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John Wycliffe
Definitionby Joshua J. Mark

John Wycliffe

John Wycliffe (l. 1330-1384, also John Wyclif) was an English theologian, priest, and scholar, recognized as a forerunner to the Protestant Reformation in Europe. Wycliffe condemned the practices of the medieval Church, citing many of the...
The Egyptian Amulet: Pious Symbols of Spiritual Life
Articleby P. Joseph D.

The Egyptian Amulet: Pious Symbols of Spiritual Life

Material Objects & Cultures Material objects convey volumes about the people who possessed them. Cultures and societies in every generation are in part classified - either correctly or incorrectly - by the objects or symbols they...
Medieval Hygiene
Definitionby Mark Cartwright

Medieval Hygiene

People in the Middle Ages have acquired something of a bad reputation when it comes to cleanliness, especially the peasantry. However, despite the general lack of running water and other modern amenities, there were common expectations of...
St. Anthony's Fire
Definitionby John Horgan

St. Anthony's Fire

St. Anthony's Fire (SAF) is an illness brought on by the ingestion of fungus-contaminated rye grain causing ergot poisoning (ergotism). The disease's common name derives from the medieval Benedictine monks dedicated to that saint who offered...
Death and the Afterlife in Ancient Persia
Articleby Joshua J. Mark

Death and the Afterlife in Ancient Persia

A vision of the afterlife is articulated by every culture, ancient or modern, in an effort to answer the question of what happens after death. Ancient Persia had the same interest in this as any culture of the past or in the present day and...
Justinian's Plague (541-542 CE)
Articleby John Horgan

Justinian's Plague (541-542 CE)

During the reign of the emperor Justinian I (527-565 CE), one of the worst outbreaks of the plague took place, claiming the lives of millions of people. The plague arrived in Constantinople in 542 CE, almost a year after the disease first...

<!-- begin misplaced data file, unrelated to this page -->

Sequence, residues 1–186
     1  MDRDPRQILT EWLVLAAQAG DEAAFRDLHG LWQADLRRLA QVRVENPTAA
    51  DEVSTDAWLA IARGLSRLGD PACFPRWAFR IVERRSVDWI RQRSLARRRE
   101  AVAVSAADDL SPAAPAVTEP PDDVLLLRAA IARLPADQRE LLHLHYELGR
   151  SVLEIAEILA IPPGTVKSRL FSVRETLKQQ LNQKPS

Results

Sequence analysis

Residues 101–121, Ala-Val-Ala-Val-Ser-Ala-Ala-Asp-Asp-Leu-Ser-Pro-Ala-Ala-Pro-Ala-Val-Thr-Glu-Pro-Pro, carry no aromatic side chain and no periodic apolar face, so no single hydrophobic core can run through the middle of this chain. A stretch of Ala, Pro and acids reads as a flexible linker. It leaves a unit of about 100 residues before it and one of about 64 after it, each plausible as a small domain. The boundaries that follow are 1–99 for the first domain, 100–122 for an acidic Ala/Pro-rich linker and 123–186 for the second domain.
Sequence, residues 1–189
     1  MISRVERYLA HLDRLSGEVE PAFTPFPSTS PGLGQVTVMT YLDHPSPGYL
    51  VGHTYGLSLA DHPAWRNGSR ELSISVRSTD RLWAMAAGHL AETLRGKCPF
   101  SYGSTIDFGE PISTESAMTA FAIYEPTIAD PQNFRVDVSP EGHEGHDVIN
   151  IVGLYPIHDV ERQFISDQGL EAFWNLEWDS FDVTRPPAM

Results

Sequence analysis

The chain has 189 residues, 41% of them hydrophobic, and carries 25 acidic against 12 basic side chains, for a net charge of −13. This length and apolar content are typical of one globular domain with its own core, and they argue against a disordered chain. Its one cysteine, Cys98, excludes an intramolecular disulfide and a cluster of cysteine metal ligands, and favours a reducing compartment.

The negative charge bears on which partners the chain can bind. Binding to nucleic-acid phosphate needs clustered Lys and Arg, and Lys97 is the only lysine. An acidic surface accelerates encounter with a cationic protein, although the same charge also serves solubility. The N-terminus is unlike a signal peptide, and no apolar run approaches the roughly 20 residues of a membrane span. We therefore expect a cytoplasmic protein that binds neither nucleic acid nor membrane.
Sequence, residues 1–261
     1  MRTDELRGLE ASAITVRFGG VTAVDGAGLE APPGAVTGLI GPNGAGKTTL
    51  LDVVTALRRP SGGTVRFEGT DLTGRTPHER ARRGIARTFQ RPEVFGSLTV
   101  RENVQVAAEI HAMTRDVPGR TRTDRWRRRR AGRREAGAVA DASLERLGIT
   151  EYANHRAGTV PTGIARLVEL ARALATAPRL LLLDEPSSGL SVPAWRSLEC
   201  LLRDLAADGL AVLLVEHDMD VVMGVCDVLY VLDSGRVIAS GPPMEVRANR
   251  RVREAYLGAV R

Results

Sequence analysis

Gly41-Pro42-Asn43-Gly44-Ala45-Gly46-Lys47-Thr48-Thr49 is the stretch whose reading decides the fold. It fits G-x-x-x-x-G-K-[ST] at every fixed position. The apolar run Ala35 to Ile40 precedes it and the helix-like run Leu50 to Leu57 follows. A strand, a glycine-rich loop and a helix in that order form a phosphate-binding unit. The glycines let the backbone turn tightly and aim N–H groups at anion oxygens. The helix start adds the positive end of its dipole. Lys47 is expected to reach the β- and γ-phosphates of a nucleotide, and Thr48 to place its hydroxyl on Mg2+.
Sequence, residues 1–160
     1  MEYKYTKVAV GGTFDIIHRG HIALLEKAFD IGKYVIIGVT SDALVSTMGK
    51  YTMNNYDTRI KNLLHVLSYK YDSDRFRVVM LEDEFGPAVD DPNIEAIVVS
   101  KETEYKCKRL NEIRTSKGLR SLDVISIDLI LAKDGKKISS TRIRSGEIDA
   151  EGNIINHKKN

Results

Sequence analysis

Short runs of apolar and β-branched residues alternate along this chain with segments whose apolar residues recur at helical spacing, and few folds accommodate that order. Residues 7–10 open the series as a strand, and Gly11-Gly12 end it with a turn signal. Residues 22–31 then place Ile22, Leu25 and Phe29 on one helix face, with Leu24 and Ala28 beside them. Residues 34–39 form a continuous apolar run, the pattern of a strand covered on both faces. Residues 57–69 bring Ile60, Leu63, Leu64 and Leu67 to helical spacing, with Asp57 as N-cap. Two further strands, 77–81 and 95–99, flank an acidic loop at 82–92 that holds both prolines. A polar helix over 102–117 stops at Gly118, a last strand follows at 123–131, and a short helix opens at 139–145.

The Plague at Athens, 430-427 BCE
Articleby John Horgan

The Plague at Athens, 430-427 BCE

In the second year of the Peloponnesian War, 430 BCE, an outbreak of plague erupted in Athens. The illness would persist throughout scattered parts of Greece and the eastern Mediterranean until finally dying out in 426 BCE. The origin of...
The Pyramid Texts: Guide to the Afterlife
Articleby Joshua J. Mark

The Pyramid Texts: Guide to the Afterlife

The Pyramid Texts are the oldest religious writings in the world and make up the principal funerary literature of ancient Egypt. They comprise the texts which were inscribed on the sarcophogi and walls of the pyramids at Saqqara in the 5th...
Shabti Dolls: The Workforce in the Afterlife
Articleby Joshua J. Mark

Shabti Dolls: The Workforce in the Afterlife

The Egyptians believed the afterlife was a mirror-image of life on earth. When a person died their individual journey did not end but was merely translated from the earthly plane to the eternal. The soul stood in judgement in the Hall of...
The After-Life In Ancient Greece
Articleby Joshua J. Mark

The After-Life In Ancient Greece

In ancient Greece the continued existence of the dead depended on their constant remembrance by the living. The after-life, for the ancient Greeks, consisted of a grey and dreary world in the time of Homer (8th century BCE) and, most famously...
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